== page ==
Yousaf dismisses Salmond’s Stone of Destiny ‘standoff’ plan
Humza Yousaf has dismissed Alex Salmond’s suggestion that police should have been used to prevent the Stone of Destiny being moved from Edinburgh Castle.
The First Minister said the ancient stone is “all (Mr Salmond’s) been talking about” recently.
The Alba Party leader had said that Scottish police should have staged a “standoff” outside Edinburgh Castle, preventing the historic artefact from being moved to London for the King’s coronation.
He said such a move could have been used as a bargaining tool in the push for a second independence referendum.
The stone was taken to London last week to be used in the coronation, with Mr Yousaf attending a ceremony during which it was removed from its resting place at Edinburgh Castle.
The stone has been used to crown monarchs of Scotland – and later the UK – in a tradition dating back centuries.
Mr Yousaf was asked about the former first minister’s comments as he spoke to journalists at an anti-poverty summit in Edinburgh on Wednesday.
He said: “Alex Salmond should remember of course that operational matters are for Police Scotland.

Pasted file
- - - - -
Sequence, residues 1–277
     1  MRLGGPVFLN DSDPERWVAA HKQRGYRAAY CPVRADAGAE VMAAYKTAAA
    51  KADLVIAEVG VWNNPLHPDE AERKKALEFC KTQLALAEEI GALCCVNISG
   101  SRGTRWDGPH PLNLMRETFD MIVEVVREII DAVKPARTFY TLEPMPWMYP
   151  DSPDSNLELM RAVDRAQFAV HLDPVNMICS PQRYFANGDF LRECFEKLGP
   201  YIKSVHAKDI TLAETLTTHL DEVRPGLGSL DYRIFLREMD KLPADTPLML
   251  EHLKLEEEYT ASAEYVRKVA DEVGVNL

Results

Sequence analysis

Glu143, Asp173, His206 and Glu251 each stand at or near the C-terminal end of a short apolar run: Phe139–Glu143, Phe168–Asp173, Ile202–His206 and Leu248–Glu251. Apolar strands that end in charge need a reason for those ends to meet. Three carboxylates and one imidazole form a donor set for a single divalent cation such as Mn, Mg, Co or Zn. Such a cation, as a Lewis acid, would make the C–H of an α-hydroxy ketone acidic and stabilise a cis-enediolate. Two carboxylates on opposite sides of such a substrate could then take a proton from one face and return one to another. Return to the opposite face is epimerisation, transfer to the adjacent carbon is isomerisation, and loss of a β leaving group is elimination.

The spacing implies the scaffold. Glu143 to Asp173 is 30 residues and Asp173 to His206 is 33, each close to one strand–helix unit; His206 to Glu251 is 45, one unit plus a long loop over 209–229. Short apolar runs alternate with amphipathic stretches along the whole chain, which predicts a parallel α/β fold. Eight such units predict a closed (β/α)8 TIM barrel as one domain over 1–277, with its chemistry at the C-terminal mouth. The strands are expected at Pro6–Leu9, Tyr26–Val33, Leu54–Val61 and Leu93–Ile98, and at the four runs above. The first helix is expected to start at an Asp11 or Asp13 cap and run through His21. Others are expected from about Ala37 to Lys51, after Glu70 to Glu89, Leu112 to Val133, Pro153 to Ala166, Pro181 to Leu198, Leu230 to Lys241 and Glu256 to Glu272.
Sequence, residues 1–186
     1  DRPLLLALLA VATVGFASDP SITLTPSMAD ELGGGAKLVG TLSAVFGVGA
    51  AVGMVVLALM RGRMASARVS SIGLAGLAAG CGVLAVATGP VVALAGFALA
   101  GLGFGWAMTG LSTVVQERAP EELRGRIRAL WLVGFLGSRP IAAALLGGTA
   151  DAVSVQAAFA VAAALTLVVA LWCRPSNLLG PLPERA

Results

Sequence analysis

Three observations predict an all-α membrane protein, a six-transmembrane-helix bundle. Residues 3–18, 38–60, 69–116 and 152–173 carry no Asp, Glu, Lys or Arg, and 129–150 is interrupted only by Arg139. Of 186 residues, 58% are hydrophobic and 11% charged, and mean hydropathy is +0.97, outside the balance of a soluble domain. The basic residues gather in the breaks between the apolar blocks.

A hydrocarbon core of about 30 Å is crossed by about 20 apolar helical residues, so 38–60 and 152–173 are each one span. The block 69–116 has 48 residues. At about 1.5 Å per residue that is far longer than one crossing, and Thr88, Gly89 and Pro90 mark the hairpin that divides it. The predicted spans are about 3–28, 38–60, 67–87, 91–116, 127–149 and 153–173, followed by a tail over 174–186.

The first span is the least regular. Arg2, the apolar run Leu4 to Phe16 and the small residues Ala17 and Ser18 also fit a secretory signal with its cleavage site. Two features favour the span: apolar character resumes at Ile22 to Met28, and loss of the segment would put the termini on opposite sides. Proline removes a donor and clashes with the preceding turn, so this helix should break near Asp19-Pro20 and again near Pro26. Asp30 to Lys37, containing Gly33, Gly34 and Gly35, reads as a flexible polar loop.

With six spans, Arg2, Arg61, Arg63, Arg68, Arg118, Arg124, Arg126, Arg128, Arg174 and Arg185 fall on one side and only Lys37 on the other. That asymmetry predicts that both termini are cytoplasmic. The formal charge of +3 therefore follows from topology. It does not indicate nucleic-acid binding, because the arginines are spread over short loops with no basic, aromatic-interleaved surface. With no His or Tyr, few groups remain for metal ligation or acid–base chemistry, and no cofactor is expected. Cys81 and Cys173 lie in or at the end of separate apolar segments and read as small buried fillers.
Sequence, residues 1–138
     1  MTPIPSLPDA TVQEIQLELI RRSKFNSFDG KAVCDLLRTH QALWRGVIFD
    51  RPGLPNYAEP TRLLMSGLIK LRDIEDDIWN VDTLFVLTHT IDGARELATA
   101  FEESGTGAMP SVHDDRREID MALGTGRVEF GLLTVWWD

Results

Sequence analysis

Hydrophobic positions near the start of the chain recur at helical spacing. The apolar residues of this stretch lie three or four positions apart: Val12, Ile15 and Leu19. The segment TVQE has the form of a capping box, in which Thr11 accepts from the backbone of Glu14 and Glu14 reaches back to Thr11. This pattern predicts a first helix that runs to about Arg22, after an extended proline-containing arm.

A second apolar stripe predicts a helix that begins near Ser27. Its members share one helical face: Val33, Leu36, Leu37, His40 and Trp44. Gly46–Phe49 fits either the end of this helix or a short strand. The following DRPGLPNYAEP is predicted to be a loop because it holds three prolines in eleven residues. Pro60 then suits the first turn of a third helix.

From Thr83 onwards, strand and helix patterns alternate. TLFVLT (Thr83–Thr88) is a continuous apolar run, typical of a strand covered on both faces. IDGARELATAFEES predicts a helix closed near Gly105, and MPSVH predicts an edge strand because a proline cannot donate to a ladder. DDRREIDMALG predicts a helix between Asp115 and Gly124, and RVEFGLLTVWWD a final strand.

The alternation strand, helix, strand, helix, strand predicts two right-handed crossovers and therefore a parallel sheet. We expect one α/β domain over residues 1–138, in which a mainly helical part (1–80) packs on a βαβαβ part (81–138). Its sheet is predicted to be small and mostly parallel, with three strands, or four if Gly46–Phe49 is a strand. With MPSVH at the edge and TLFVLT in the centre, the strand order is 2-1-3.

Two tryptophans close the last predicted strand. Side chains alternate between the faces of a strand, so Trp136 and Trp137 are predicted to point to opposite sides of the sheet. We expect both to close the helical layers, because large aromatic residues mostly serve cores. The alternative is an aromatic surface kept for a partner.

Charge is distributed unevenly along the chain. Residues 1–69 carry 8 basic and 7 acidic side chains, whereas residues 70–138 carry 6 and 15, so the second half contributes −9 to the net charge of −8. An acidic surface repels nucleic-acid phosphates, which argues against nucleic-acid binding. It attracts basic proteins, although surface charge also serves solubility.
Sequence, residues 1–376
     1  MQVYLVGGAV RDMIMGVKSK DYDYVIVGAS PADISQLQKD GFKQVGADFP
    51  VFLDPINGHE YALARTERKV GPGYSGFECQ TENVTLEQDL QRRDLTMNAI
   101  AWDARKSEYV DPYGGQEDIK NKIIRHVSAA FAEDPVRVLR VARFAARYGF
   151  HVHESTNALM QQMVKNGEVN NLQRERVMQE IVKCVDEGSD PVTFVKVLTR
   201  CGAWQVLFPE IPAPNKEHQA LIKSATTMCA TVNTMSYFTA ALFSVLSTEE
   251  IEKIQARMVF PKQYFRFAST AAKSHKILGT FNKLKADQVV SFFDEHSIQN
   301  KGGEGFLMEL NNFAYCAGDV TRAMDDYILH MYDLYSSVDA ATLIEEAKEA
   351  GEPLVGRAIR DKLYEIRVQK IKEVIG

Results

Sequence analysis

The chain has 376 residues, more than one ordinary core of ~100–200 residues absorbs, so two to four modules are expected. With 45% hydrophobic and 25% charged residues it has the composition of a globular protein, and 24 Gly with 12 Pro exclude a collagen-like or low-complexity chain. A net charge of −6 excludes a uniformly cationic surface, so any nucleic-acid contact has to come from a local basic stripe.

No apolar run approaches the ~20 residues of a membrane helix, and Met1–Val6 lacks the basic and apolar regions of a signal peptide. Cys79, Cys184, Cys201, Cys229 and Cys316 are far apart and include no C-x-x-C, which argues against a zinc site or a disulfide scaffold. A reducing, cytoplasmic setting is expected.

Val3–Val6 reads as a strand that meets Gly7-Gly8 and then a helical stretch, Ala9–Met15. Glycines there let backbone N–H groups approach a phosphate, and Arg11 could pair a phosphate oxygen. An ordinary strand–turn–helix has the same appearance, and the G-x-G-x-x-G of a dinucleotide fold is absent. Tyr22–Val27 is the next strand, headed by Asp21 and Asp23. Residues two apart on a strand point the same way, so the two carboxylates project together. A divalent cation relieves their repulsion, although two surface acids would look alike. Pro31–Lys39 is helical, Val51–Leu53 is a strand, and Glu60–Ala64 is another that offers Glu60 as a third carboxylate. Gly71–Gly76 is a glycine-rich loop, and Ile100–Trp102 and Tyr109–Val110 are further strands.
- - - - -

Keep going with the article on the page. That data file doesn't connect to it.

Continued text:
“It’s not for the First Minister to tell the police what to do, but of course it wouldn’t have been the right thing to do even if those powers did exist.
“Alex Salmond can sit there and talk about the Stone of Destiny all day long.
“It seems it’s all he’s been talking about over the last few weeks.
“I’m committed to talking about reducing poverty, the cost-of-living crisis, investing in our public services.”
Mr Salmond, a former SNP leader who is now a vocal critic of the party, said he would be speaking at a pro-independence rally on Saturday – the day of the coronation.
He told Andrew Marr on Tuesday: “You don’t command very much as first minister of Scotland, but you do command the Scottish police force, you could have put a ring of policemen around Edinburgh Castle.
“Have a standoff on the Esplanade and politely explain to the world that Scotland should not sacrifice its symbol of sovereignty until that sovereignty is at least recognised by Westminster.”